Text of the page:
Consider the differential operator $$ L=u''-u\qquad \mathrm{in}\ \ \mathbb{R}. $$ Find the fundamental solution of the above operator.

Now, I guessed the fundamental solution to be $E=e^{x}H(x)$, where $H(x)$ is the Heaviside function. But, after finding its second weak derivative (in distribution sense), I get it as $$ E+\delta-\delta' $$ where $\delta'$ is the dipole distribution and $\delta$ is the Dirac distribution. But this doesn't satisfy the operator, $L$. My question is am I taking the guess solution correctly? If not what should it be and how to think about getting these guess solutions?


2 Answers 2


The fundamental solution $G$ should satisfy

  1. $LG=0$ on $(-\infty,0)$ and on $(0,\infty)$,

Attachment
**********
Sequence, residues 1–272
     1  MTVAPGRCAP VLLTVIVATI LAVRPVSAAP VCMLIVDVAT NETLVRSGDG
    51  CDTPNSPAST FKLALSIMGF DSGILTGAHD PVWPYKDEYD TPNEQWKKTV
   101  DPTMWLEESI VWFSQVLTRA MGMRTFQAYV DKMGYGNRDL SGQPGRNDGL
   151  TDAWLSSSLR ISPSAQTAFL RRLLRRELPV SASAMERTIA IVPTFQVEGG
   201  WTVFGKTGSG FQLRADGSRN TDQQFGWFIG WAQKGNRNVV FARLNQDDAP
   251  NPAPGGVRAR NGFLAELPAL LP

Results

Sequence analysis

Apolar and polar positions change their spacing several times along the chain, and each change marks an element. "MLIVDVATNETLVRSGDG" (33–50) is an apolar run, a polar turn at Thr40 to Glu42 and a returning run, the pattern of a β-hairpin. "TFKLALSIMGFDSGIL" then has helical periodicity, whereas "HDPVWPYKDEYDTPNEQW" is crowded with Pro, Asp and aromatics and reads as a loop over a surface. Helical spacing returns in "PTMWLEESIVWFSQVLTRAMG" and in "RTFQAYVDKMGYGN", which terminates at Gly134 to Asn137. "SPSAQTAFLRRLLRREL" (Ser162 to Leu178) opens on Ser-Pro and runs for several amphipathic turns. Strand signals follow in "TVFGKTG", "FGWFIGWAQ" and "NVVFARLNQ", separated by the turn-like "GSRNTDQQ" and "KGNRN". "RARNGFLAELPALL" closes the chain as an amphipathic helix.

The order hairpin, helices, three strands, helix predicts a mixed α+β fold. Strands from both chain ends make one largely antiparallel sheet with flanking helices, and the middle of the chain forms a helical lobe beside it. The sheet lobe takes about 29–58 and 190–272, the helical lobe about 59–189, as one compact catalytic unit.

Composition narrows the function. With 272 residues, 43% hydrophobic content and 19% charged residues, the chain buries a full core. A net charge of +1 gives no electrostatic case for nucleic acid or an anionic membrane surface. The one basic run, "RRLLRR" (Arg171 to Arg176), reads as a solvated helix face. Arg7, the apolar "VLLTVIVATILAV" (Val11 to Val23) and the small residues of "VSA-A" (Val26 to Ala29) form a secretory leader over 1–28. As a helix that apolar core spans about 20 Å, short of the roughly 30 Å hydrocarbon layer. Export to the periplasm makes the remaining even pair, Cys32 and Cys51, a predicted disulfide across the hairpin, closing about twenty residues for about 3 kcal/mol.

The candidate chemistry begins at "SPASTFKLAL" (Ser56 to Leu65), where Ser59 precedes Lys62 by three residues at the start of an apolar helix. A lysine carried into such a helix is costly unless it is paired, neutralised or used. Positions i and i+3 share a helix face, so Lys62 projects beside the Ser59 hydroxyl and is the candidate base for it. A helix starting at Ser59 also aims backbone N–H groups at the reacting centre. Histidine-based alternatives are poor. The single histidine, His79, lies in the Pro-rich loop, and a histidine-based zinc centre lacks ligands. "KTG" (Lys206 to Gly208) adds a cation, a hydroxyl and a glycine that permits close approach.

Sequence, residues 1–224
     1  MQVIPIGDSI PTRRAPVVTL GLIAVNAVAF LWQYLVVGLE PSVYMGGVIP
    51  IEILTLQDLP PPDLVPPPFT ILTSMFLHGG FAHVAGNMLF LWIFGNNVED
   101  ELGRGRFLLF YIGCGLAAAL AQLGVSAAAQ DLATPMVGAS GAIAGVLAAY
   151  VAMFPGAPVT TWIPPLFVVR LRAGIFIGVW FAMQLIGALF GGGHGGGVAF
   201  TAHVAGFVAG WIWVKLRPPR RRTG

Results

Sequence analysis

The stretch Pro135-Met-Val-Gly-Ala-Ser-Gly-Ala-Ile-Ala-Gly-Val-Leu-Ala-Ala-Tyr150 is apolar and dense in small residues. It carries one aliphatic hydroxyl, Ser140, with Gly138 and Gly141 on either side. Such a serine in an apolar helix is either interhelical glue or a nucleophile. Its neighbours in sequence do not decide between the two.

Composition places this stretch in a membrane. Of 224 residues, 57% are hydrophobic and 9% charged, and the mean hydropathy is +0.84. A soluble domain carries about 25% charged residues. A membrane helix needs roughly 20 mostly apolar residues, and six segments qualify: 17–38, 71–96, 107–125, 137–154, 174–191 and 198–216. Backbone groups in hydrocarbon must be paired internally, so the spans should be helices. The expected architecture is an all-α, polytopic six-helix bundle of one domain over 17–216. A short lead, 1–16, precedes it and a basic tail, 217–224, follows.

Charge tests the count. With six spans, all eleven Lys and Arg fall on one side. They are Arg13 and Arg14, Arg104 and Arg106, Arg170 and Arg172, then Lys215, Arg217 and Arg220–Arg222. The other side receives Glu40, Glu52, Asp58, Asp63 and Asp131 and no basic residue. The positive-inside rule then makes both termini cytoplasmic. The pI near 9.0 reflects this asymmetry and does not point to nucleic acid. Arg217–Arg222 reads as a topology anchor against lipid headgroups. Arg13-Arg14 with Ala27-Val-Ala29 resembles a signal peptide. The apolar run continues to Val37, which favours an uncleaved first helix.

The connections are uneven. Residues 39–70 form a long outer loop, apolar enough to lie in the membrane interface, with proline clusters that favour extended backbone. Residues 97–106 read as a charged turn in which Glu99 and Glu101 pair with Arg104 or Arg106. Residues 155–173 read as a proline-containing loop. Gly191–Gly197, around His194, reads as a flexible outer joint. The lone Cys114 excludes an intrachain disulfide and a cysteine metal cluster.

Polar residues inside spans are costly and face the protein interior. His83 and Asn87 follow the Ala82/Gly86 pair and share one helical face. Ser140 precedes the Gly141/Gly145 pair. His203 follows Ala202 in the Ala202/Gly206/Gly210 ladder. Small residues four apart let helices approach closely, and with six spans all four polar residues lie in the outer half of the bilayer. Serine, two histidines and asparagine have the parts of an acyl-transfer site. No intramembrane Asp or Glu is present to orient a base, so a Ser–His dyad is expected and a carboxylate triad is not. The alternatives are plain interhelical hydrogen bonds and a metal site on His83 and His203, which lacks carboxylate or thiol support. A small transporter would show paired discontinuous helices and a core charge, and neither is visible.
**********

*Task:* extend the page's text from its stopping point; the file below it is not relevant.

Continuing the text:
2. boundary conditions, usually $\lim_{R\to \infty} G(\pm R)=0$,
  3. be continuous, so $G(0+)=G(0-)$,
  4. $G'(0+)-G'(0-)=1$ (to make $LG=\delta$).

For $Lu=u''-u$ conditions 1 and 2 give $$ G(x)=\begin{cases} A_- e^x & (x<0),\\ A_+ e^{-x} & (x>0). \end{cases} $$

Then conditions 3 and 4 give $A_- = A_+$ and $-A_+ - A_-=1,$ i.e. $A_-=A_+=-\frac12$ so we end up with $$ G(x) = -\frac12 e^{-|x|}. $$

  • $\begingroup$ @LutzLehmann. True. Will edit my answer. $\endgroup$
    – md2perpe
    Jul 23, 2021 at 13:09
  • $\begingroup$ It should be $A_-=A_+ = -1/2$, and our answers will coincide ;) $\endgroup$
    – LL 3.14
    Jul 23, 2021 at 16:27
  • 1
    $\begingroup$ @LL3.14. Fixed. $\endgroup$
    – md2perpe
    Jul 23, 2021 at 16:30

A fast way to solve $u''-u=\delta_0$ is to take the Fourier transform to get $(-|2π y|^2-1)\,\mathcal F(u)(y) = 1$, and so $$ u(x) = \mathcal F^{-1}\!\,\left(\frac{-1}{1+|2π x|^2} \right) = -\frac{e^{-|x|}}{2}. $$


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